THE ARTISTS JOURNEY AT MIDLIFE
by Aaron Kampfe
This year, Kira Fercho comfortably turns 40 and settles into midlife. Like many who hit this milestone year, Kira is reflective about the past and also thinking forward about the next phases of her life.
A CALLING TO CREATE
By Jana Bounds
Fercho’s true and lasting love in life is painting – something she has never had to force herself to appreciate. Her paintings hang in the White House and Tom Brokaw’s home. They also hang in the homes of Dwight Yokum, Emmylou Harris and John Mayer. Seventy percent of her work is commissioned, and she often travels from Big Sky to Los Angeles or New York City to do installations. READ MORE...
ART CUSTOMIZED FOR THE HOME AND SOUL
THE PROCESS OF KIRA FERCHO
For Kira Fercho, the painting process doesn’t begin with a blank canvas but rather with an open mind. The process is interpersonal and cerebral before it is artistic and physical.
Prior to the initial work of art creation,
BILLINGS 40 "UNDER 40"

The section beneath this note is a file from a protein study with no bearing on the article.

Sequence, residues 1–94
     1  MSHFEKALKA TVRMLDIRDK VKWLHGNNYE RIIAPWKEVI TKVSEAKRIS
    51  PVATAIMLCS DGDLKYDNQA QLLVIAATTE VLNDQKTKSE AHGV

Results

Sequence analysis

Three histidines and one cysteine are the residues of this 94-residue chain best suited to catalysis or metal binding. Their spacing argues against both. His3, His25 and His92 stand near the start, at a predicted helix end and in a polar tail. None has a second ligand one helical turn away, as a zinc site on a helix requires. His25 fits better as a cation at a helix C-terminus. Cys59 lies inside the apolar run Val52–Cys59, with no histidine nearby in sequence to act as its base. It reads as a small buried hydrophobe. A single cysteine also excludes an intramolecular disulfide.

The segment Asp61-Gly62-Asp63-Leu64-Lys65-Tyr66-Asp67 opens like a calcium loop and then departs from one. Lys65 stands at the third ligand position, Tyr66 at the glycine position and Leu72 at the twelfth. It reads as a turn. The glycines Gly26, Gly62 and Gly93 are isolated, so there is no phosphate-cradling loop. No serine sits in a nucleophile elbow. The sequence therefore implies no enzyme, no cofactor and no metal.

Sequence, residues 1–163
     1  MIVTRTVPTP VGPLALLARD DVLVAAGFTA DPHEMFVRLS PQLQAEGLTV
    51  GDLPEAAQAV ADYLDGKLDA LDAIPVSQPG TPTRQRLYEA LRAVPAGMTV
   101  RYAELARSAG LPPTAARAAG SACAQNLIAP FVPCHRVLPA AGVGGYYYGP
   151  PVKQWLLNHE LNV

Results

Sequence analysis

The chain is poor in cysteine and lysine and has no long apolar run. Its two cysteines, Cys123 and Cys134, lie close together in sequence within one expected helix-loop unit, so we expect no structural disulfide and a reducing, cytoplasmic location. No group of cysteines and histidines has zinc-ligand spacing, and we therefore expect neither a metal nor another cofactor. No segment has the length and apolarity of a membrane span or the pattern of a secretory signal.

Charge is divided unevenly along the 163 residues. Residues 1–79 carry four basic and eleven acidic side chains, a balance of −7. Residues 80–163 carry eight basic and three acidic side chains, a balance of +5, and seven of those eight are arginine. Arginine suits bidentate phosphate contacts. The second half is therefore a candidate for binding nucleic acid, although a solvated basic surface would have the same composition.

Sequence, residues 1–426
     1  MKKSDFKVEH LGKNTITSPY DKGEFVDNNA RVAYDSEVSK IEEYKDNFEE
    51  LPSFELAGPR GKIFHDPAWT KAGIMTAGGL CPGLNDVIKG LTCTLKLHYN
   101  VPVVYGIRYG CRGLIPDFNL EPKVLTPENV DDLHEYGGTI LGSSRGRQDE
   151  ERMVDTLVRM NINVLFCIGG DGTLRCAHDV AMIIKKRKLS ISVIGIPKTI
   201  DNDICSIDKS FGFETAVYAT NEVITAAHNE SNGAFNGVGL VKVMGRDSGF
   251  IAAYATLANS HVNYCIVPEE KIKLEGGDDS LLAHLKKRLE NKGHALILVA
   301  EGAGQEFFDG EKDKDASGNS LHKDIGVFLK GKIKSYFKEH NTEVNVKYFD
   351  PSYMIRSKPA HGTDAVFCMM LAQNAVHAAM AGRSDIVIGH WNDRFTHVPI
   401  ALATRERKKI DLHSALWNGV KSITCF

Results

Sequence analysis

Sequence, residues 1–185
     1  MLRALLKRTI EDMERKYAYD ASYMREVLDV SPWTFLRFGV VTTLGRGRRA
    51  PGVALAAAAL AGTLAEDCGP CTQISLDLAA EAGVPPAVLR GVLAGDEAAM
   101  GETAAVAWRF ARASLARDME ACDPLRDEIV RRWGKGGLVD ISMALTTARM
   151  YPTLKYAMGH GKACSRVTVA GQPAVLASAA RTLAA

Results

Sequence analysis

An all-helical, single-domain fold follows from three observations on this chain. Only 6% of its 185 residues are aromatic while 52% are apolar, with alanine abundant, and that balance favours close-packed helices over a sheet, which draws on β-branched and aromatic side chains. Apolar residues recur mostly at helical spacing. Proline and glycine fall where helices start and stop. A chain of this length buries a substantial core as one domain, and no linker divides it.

Fercho studied art and psychology in college, and went into art education. After deciding that teaching wasn’t her cup of tea, she went to work at the Yellowstone Boys and Girls Ranch. Later, she returned to Montana State University Billings where she received a master’s degree in counseling. One of Fercho’s better known works is an expansive display of 12 tepees on display at the Billings Clinic.
ARTISTS ORIGINAL COMMISSION BLOSSOMS TO 12 PAINTINGS FOR BILLINGS CLINIC COMMONS
Billings artist Kira Fercho set out to paint one tepee, but fate intervened. The single tepee painting was originally commissioned by Jim Duncan, president of the Billings Clinic Foundation. It was to hang in the commons area of the Clinic off North 28th Street. Fercho said she was honored to be chosen, but her vision was to paint 12 tepees to represent all 12 federally recognized tribes in Montana.
ARTIST OF THE WEST: TAKING CHANCES
Kira Fercho pulls into a turnout in Gallatin Canyon. In the back of her pickup she carries a 5-gallon plastic bucket filled with paints, brushes, knives and a few small canvases.
“This is a spot I’ve been eyeing for a while,” she says, stepping out into the quiet morning, the river chatting behind us. “Painting is an excuse to be outdoors all day.”
As she sets up on the tailgate, laying out three blank canvases, a bald eagle skims above us and follows the curve of the river.